Banks use reserves for accounting and settlement purposes, and they use reserves to purchase cash to feed ATMs, in order to satisfy the public’s desire to hold physical liquidity. For a list of asset side regulations for the banking sector, regulations required to combat wealth extraction and systemic risk, see this article.

This graph represents the interbank rate, the price at which banks borrow reserves from each other. The CB rate and the interbank rate are often very similar in terms of figures. Standard practice among most Central Banks across the world is to minimize direct transactions between banks and the Central Bank, that’s why the latter is called ‘lender of last resort’. In truth, however, the interbank market serves absolutely no public purpose and ought to be abolished. Banks in need of reserves should borrow directly from the Central Bank.

Russian Government debt as percentage of GDP is extremely low compared to the norm among most developed countries. Japan, for instance, has a ratio of almost 260 percent and that country’s doing just fine [full employment & no inflation]. Unlike the Euro Zone states, a Government that spends and taxes in its own free floating fiat currency has maximum space to pursue whatever fiscal and monetary policy it desires. With debts denominated in its own currency, the Government can operate with negative financial capital indefinitely without any risk of bankruptcy.

The Russian Central Bank can boast about foreign currency reserves of around half a trillion US dollars in value. Yet, not all of that half a trillion represents foreign fiat. Russia’s gold stocks have hit a 5-year high, accounting for about 19% of its foreign reserves. At the same time, its share of US dollars was cut from 43.7 percent to around 20 percent. Remember that US dollar reserves sit on the Federal Reserve’s ledger, and Euro reserves sit on the ECB’s ledger. If Washington and the EU decide to freeze these accounts, Russia can’t use the funds. Any and all sovereign nations should pursue alternative payment systems to the established hegemonic order [like currency swaps with partner states].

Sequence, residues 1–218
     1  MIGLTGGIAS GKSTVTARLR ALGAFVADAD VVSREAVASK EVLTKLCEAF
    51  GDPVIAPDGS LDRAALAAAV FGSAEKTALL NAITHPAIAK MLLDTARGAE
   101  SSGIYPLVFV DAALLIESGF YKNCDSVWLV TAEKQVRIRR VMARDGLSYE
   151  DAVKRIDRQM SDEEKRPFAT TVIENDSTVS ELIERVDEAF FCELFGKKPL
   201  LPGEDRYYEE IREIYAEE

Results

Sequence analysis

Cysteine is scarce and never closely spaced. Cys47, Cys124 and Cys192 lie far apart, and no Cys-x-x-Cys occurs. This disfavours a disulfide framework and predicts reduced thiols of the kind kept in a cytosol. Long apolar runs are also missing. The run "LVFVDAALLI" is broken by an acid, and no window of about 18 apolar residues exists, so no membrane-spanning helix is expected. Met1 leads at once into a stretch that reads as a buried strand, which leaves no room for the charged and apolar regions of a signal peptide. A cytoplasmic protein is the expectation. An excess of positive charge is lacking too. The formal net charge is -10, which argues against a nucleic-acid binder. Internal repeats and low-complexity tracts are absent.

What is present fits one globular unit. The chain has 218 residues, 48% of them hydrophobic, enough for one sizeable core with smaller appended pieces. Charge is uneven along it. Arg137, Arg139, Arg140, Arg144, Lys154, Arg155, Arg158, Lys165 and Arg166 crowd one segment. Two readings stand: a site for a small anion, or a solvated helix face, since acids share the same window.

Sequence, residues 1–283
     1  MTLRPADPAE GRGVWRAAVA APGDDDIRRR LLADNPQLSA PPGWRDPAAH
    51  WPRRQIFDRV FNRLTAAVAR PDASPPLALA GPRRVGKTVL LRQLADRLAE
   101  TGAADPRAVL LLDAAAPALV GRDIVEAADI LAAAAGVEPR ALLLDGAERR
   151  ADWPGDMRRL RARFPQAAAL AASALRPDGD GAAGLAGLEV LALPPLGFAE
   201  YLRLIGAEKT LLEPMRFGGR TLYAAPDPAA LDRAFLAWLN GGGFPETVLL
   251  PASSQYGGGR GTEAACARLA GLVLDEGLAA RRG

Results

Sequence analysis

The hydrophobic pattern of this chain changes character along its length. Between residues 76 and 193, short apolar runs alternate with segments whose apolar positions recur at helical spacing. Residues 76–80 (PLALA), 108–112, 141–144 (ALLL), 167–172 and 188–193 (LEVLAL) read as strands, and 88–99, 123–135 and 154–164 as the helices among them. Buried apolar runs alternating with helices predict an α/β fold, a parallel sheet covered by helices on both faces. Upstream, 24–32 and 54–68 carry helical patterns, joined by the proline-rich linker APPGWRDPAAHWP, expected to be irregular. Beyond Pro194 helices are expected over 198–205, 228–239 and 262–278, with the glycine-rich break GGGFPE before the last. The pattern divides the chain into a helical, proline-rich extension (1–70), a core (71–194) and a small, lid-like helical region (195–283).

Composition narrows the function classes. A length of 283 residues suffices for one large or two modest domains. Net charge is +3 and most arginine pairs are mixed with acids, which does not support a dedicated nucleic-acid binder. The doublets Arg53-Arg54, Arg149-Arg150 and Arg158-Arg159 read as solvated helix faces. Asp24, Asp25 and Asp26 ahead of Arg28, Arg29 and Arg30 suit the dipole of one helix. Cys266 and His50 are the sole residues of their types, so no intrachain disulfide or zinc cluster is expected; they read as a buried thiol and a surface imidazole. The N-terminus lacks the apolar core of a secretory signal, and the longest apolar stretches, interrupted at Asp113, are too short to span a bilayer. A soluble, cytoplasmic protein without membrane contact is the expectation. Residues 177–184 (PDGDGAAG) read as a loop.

Conclusion

Russia’s macros look very promising. Whenever I watch Putin’s Q&A interviews on national affairs, however, a bunch of stupid proposals ensue about some tax cuts here, some more subsidies there – all of which contribute to bureaucratic overhead and the proceeds end up captured by landlords and money lenders. If Russia would drop its regressive tax code and switch to a [Georgist] quasi-Single Tax system [100 percent land-value tax + pigovian tax], the real economy would experience the highest rate of development on earth, even under sanctions.

(S-I) in Sectoral Balances

by Keynesian of sorts

I see a lot of confusion concerning why the private sector balance is represented by (S-I) in the sectoral balances equation. This is something that confused me for a long time when starting to learn about macroeconomics, so I thought it might be a useful resource to quickly explain what (S-I) means and why it represents the balance of the private sector. Continue reading “(S-I) in Sectoral Balances”

Cuba: Sectoral Balances, Unemployment Rate

by Serban V.C. Enache

Between 2008 and 2015, the Cuban Government ran fiscal deficits. In 2018, the Foreign sector ran a financial surplus against Cuba of almost 4% of the country’s GDP; in 2009 and 2012 the surplus was near zero, and in 2013 it reached a surplus of 1.4 of GDP. Continue reading “Cuba: Sectoral Balances, Unemployment Rate”